In a 2002 decision soundly criticised in a UWI-commissioned law paperby SeShauna Wheattlea former Chief Justice freed Marvin Marcano for Christopher Lynch’s murder, saying his victim’s same-sex sexual advance was so unnatural it would send any right-thinking person crazy. Women don’t enjoy that protection. Twelve years later, a few months after the paperthe retired CJ mused that same-sex love is not repugnant and hurts no one.
But take Baker out of the picture. What about the other MPs, on different benches in both houses, who are lesbian, gay or bisexual? Who is “vulnerable” when they make sexual advances? Does our culture of scandal and stigma around same-sex desire make such office holders especially susceptible to sexual blackmail? Do our unenforced laws that make such behaviour illegal, even when it’s consensual, drive talented people away from—or out of—public service? Does the forced secrecy around such desire drive powerful people to seek sex from the vulnerable?
Public debate has also not yet turned on the fact—perhaps because few know this—that 25 years after Independence, the PNM created a new law criminalising with a five-year jail sentence a man playing with another man sexually in private— regardless of consent (though no one may have ever been prosecuted for consensual conduct). No parliamentarian is calling for such laws—which could be used to prosecute them—to be repealed.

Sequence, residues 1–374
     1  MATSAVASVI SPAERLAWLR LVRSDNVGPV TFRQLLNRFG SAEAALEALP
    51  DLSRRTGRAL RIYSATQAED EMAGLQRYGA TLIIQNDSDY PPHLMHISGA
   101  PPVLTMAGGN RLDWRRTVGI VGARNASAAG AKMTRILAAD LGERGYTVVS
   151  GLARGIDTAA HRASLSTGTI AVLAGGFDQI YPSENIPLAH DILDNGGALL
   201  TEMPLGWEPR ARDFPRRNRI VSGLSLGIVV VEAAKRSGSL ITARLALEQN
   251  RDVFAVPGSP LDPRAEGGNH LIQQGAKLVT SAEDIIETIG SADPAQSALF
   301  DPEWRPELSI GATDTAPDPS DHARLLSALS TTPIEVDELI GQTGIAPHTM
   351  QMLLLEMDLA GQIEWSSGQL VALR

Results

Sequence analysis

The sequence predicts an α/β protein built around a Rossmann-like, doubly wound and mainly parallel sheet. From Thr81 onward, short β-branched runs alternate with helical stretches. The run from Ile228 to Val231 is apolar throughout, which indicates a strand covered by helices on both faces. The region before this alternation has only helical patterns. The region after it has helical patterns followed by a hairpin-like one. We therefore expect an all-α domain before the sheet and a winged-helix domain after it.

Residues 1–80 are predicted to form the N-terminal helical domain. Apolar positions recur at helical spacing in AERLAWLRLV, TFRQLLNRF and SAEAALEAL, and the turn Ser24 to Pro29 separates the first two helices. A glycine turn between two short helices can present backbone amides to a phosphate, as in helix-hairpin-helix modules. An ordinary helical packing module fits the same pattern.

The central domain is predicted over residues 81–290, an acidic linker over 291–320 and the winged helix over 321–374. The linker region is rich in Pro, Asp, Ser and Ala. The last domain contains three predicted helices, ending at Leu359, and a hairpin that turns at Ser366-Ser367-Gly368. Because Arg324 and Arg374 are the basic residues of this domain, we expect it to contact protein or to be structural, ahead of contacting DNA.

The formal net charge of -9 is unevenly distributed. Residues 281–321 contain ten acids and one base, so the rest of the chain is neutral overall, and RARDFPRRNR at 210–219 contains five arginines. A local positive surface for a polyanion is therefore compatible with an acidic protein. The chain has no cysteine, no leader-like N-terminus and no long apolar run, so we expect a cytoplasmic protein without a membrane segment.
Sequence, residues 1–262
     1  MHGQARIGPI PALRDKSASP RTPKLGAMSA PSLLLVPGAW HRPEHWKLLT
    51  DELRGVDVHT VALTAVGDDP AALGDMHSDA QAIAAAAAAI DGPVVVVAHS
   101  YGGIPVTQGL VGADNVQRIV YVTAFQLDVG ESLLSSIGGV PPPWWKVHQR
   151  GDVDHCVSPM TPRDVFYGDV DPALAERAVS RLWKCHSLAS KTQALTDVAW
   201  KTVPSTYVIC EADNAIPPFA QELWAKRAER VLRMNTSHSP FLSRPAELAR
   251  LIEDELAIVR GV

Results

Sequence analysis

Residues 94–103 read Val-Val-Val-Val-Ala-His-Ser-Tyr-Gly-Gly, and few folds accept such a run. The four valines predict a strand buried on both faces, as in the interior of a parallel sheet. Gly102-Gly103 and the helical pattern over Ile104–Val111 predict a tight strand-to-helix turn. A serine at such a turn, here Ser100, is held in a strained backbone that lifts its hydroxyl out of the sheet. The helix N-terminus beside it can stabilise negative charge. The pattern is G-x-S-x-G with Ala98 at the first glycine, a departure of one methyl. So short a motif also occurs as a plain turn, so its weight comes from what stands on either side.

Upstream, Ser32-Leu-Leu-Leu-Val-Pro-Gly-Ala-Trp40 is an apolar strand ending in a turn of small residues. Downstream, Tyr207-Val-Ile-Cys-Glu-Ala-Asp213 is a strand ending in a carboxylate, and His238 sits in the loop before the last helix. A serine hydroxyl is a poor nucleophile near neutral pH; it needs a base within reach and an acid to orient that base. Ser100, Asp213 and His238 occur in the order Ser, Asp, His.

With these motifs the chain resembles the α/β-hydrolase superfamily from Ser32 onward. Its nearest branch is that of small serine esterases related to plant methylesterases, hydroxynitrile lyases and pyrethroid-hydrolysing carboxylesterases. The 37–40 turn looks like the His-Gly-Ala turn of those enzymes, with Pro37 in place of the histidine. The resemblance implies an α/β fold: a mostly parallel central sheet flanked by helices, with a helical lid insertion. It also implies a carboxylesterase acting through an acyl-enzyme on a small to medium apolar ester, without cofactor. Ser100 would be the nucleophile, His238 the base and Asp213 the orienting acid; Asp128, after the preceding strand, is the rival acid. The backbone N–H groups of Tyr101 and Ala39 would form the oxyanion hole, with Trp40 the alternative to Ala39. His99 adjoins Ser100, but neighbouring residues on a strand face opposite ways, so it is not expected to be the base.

But some things are refreshing. Despite the “No man, woman or goat is safe from this Government” picong—the titillation of prime time TV reporting—and the broadcast of a purported recording of a grown politician in tears on the phone—I’ve heard no loud voice say no homosexual belongs in the nation’s CabinetLast week the chief justice, attorney general, police commissioner, house speaker and arts minister all turned out to embrace the visiting American couple whose son, Matthew Shepard, was murdered, and listen to their message of acceptance and equal rights (though Rodger Samuelput in charge of national diversity, was notably absent.)
Hopefully Dr Baker and his accuser will be judged on the ethics of their conduct and not the other’s sex.
Forging the liberty to love: one nation…many bodies…boundless faith.